On a recent trip to Albany, New York City Mayor Eric Adams pushed for revision of the state’s bail reform law, in light of the murders of Michelle Go and Christina Yuna Lee, pressing lawmakers to give judges more discretionary power concerning pretrial detention. Mayor Adams’s political tussling over bail reform last month was not new. Since it was introduced in April 2019 by the state legislature, the reform has been fiercely debated in the context of “public safety,” but the relationship between cash bail and criminal justice debt has not been adequately included in these conversations: How does the accrual of criminal justice debt affect public safety in the long run?
Zachary Gillespie, an alumnus of NYU’s Prison Education Program who joined the program’s Debt & Incarceration Project as a student researcher in the spring of 2020, says debt and incarceration are “parallel” to each other. The criminal justice system as we know it saddles incarcerated individuals and those accused of crimes with financial obligations leading to the accrual of debt at nearly every juncture of the legal process, as a form of punishment as well as revenue. “A lot of people in prison are affected by debt in different ways,” said Gillespie. In particular, he emphasizes the fraught and stressful consequences criminal justice debt levies on individuals. “Their commissaries are docked, and what little money they can have sent in are garnished by the state, putting them at risk for food insecurity and other issues.”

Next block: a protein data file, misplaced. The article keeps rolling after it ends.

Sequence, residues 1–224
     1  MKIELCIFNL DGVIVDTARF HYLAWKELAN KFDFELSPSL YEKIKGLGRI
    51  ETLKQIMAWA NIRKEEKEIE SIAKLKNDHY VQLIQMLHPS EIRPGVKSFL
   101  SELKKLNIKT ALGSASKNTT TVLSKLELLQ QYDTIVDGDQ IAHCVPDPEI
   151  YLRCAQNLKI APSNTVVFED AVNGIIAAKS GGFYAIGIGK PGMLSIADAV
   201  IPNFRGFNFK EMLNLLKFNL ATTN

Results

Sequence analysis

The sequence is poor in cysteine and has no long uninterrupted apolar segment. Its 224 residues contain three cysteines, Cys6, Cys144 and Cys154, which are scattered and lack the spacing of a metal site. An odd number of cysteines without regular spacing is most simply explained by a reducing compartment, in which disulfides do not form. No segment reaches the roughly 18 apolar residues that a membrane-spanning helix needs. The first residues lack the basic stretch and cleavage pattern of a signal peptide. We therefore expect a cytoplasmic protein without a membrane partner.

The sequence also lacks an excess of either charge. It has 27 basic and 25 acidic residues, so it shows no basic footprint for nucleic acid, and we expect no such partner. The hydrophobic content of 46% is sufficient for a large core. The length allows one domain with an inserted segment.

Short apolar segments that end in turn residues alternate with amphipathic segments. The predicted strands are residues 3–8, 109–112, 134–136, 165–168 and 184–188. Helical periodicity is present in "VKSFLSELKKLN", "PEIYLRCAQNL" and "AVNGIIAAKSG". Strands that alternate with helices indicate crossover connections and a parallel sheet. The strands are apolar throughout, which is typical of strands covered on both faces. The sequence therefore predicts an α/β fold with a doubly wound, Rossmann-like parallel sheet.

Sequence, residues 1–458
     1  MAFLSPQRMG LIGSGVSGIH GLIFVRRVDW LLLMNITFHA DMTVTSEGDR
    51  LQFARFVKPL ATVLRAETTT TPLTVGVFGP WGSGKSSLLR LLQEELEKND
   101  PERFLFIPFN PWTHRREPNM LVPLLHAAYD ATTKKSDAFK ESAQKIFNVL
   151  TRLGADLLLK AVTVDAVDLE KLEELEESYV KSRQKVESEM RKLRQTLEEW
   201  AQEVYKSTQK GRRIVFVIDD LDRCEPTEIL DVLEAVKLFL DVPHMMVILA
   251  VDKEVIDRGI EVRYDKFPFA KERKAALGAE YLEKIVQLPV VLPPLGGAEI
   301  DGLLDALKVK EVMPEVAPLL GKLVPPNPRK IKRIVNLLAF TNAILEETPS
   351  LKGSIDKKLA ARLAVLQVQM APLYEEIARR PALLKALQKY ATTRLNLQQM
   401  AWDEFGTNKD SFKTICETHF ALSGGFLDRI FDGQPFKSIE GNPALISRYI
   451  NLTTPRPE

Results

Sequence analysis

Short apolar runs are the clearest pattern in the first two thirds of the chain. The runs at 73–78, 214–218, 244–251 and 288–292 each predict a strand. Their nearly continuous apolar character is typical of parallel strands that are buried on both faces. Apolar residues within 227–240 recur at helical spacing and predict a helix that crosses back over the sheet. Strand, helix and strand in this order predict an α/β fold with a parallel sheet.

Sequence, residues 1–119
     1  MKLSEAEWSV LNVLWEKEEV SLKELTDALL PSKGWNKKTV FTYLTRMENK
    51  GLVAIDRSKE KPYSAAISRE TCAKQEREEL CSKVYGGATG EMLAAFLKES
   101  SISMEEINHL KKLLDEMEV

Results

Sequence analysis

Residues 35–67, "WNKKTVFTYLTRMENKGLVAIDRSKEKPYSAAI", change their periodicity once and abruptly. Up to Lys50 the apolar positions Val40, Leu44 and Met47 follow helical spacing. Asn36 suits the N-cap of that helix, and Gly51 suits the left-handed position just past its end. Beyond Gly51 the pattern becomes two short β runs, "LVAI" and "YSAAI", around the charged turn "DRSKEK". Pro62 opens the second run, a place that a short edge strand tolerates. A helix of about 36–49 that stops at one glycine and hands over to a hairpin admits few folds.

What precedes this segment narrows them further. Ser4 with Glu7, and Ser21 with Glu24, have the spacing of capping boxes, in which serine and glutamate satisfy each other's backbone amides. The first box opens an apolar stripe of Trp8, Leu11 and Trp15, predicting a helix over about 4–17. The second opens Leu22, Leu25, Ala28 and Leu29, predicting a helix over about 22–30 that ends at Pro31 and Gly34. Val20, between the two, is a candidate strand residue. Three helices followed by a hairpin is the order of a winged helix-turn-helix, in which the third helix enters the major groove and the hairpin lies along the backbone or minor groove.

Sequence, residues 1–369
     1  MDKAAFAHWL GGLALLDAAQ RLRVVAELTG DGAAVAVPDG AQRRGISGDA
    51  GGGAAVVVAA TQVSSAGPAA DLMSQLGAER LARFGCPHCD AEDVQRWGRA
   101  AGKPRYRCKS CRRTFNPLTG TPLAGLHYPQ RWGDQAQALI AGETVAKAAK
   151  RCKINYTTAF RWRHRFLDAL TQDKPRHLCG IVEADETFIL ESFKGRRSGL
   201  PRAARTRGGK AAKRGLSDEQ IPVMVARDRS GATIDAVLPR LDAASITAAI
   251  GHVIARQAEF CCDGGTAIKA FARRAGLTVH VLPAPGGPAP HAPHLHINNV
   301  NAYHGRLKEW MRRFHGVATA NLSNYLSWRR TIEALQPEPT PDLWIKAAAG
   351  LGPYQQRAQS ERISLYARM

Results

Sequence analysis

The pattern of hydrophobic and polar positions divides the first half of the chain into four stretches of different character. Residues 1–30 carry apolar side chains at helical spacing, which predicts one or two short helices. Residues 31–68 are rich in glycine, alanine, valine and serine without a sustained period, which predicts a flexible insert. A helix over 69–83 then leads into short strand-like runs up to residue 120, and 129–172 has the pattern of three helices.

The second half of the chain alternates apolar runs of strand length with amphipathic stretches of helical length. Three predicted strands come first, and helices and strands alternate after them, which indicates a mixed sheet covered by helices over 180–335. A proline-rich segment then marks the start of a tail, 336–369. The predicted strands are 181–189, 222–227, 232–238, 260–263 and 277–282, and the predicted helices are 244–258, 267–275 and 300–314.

For decades, the onus of generating revenue for states and municipalities with strained budgets—most famously Ferguson, Mo.—has been shifted by several states onto those accused and convicted of crimes. This is done through criminal justice fines, fees, and debt, sometimes called “legal financial obligations” or “monetary sanctions”: all the court costs, restitution debts, and bail forfeitures levied on individuals who have been accused or convicted of crimes.
Neil L. Sobol, a Texas A&M University law professor whose research involves debt collection in civil and criminal justice matters, has written that the current criminal justice system produces modern-day debtors’ prisons. “The traditional debtors’ prisons of the 18th and 19th century incarcerated individuals unable to pay civil obligations to creditors,” says Sobol. Fees were unregulated and were assessed for a range of charges to be imposed on the incarcerated to cover the cost of admission, room, board, food, medical care, and release—a practice still common across the United States.
Today, exorbitant fees are often imposed because private entities’ charges are insufficiently or not at all regulated. This compounds social and racial inequalities by creating a two-tiered system of justice, says Sobol, that imposes fines on a population unable to pay them without significant financial strain, as well as the threat of incarceration for nonpayment. This set-up is sometimes called the “debt-to-prison pipeline.”